# What is the antiderivative of  (x-3)^2?

Jun 17, 2015

It can be written as: $\frac{1}{3} {\left(x - 3\right)}^{3} + C$ or as $\frac{1}{3} {x}^{x} - 3 {x}^{2} + 9 x + C$.
(The $C$'s are different.)

#### Explanation:

Expansion :

${\left(x - 3\right)}^{2} = {x}^{2} - 6 x + 9$

Antidifferentiate term by term to get:

$\frac{1}{3} {x}^{3} - \frac{1}{2} \left(6 {x}^{2}\right) + 9 x + C$ which simplifies to:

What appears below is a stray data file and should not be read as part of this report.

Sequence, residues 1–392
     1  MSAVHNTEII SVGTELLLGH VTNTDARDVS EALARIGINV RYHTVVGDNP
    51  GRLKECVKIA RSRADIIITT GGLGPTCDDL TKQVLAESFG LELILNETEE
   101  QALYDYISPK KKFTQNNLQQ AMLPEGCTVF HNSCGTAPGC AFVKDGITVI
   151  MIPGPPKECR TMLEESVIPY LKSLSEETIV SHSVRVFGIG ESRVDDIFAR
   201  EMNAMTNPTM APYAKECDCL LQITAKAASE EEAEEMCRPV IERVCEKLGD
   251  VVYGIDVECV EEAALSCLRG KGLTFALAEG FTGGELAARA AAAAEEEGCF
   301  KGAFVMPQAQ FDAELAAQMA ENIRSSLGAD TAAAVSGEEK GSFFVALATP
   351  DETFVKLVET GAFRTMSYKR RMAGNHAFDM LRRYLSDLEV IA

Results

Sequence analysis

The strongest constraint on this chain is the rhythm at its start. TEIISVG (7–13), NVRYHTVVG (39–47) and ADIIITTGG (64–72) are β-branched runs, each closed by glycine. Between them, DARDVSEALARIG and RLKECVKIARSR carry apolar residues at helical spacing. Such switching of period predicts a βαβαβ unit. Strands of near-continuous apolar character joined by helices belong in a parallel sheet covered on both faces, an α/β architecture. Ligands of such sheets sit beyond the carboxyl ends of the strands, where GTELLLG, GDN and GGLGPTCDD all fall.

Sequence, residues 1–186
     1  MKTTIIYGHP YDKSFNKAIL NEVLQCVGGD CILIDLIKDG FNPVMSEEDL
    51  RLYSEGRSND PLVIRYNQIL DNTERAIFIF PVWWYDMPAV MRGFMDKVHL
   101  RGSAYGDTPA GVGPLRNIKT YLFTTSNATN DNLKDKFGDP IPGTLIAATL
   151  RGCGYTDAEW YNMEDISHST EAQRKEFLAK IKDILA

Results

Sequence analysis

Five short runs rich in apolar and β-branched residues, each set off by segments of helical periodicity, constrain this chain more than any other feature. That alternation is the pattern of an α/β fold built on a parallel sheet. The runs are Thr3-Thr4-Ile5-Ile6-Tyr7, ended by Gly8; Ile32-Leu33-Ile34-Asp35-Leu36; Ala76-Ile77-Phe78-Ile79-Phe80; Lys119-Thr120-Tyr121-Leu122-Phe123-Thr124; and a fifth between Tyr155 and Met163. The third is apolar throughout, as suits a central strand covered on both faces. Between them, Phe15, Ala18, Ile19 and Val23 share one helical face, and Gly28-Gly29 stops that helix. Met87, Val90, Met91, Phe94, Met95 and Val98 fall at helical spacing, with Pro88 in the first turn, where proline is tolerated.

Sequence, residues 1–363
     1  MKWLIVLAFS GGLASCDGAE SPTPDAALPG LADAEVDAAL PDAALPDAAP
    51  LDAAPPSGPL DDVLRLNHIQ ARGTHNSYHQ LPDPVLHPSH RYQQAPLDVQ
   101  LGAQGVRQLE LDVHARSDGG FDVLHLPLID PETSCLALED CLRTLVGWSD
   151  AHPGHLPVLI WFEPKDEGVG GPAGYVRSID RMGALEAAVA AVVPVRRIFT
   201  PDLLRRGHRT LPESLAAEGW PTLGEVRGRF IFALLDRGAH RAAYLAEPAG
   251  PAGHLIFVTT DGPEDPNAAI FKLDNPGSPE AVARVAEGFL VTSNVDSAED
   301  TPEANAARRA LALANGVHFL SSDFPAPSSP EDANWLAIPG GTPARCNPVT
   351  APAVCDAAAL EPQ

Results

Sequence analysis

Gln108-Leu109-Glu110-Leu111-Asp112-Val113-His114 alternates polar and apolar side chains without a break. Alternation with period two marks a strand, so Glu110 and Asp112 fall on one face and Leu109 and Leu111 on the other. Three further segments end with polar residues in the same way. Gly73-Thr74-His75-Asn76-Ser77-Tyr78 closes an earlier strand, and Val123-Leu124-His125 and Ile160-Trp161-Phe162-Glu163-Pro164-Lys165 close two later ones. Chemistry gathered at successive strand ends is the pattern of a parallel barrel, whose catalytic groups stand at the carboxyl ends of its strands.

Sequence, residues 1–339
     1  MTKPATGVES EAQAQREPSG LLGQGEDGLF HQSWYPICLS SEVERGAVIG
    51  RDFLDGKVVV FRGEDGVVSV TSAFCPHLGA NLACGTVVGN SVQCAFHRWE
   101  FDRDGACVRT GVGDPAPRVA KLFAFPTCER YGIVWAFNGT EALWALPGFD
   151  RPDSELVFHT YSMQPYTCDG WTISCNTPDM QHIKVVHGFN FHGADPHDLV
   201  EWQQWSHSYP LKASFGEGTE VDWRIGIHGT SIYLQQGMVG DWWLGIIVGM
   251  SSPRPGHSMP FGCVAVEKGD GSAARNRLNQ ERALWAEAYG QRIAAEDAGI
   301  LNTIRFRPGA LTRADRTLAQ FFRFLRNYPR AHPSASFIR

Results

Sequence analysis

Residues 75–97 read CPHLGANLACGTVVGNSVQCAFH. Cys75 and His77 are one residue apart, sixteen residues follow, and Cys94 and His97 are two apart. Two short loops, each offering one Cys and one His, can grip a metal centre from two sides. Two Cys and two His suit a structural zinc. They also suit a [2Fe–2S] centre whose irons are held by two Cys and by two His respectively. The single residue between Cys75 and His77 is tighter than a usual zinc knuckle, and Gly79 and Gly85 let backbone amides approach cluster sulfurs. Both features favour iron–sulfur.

$\frac{1}{3} {x}^{x} - 3 {x}^{2} + 9 x + C$.

Substitution
Let $u = \left(x - 3\right)$, so $\frac{\mathrm{du}}{\mathrm{dx}} = 1$ and we have ${u}^{2} \frac{\mathrm{du}}{\mathrm{dx}}$

and the antiderivative (by reversing the chain rule) of ${u}^{2} \frac{\mathrm{du}}{\mathrm{dx}}$

is $\frac{1}{3} {u}^{3} + C$.

Replacing $u$ by $x - 3$ gets us:

$\frac{1}{3} {\left(x - 3\right)}^{3} + C$.